Healthy Moms

Here you will find information about new moms' health and wellness and a variety of issues important to women after pregnancy.


Early care of mother and baby

Taking care of yourself is as important as taking care of the baby. If you are not well, you will be less able to care for and enjoy your newborn.


Physical changes

After having a baby your body goes through many changes. Following is a brief description of those changes, and when you should seek medical attention.

Vaginal Flow

Normal expectations

After the birth of your baby, you will bleed from two to six weeks. The colour and amount of flow will change gradually from bright red to pink to brown. From time to time, you will have a brighter flow, especially at the time of breastfeeding.

When and where to get medical attention

If the bleeding increases to the point where you are filling one pad in half an hour with bright red blood, go to the Emergency Department at a hospital for help.


Perineum (the area between your vagina and rectum)

Normal expectations

Your perineum may be swollen from delivery, or sore if you have stitches. Wash your hands carefully each time before and after touching your bottom. For a few days you may wish to continue using the plastic cleansing bottle with warm water after urinating. Change your sanitary pad frequently. Any stitches you have will dissolve in a few days.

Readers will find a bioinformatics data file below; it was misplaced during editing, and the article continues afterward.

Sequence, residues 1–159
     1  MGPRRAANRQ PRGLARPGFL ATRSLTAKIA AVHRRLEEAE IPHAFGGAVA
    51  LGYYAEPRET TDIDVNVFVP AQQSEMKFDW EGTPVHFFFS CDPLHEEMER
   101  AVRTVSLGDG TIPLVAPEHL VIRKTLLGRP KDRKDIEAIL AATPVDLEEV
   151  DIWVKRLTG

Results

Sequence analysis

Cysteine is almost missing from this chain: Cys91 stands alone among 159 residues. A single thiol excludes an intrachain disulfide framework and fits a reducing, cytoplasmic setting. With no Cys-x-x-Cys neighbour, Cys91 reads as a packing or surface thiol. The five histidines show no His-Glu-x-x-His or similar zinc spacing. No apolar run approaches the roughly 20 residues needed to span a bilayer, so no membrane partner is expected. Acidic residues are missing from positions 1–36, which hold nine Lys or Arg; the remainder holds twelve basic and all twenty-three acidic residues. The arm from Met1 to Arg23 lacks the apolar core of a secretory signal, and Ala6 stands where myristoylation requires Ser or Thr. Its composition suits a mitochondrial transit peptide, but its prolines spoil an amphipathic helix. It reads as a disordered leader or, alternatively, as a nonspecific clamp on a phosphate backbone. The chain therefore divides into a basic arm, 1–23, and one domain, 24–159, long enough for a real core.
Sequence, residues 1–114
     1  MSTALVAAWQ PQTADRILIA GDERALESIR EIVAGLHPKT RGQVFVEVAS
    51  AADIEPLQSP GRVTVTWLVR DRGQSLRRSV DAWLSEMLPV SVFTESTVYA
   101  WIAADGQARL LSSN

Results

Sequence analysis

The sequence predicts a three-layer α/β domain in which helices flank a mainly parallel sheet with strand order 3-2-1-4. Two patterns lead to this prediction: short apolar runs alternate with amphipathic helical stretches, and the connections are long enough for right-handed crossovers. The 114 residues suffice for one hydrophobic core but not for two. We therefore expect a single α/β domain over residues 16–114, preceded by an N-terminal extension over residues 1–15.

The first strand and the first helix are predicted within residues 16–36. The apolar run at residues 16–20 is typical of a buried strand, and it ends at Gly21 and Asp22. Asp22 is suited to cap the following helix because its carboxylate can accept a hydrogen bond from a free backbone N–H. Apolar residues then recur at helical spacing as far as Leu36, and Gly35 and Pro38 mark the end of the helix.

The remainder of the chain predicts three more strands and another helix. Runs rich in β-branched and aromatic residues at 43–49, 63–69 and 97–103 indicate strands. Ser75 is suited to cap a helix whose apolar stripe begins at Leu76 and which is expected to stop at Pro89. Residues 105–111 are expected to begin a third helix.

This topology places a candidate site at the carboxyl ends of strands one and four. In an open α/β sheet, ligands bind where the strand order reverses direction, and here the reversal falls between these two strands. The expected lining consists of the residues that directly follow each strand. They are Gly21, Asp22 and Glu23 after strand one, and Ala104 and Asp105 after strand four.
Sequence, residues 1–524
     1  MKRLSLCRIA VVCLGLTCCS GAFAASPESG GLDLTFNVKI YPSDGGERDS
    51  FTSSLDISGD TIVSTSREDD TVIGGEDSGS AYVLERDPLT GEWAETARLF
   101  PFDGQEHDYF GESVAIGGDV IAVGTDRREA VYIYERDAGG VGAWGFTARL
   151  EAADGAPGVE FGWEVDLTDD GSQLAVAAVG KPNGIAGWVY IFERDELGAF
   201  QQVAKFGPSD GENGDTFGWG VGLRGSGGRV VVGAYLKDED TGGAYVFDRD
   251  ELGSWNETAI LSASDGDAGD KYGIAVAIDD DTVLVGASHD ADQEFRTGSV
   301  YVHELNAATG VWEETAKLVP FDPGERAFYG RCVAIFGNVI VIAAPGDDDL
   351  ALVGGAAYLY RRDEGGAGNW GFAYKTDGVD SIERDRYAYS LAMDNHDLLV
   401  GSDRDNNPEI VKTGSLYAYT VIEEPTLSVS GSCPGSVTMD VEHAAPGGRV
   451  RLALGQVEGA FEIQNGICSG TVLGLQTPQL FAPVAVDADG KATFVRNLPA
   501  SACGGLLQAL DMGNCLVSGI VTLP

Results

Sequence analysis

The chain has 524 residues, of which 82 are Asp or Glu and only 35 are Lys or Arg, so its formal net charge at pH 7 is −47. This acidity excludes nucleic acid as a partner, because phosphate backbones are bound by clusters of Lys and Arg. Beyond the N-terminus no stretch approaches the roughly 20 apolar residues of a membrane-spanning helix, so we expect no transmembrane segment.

When and where to get medical attention

If you experience increased pain, redness, swelling or a foul-smelling discharge from your stitches, please see your health care professional, local emergency department or call Telehealth at 1-866-797-0000


Incision (after a Caesarean birth)

Normal expectations

After a Caesarean delivery, once the dressing has been removed from your incision, you may shower as often as you like. Let the warm water run over your incision and pat it dry gently. Wear loose clothing that does not rub or irritate your incision. For support and comfort, you can cover the incision with a light pad.

When and where to get medical attention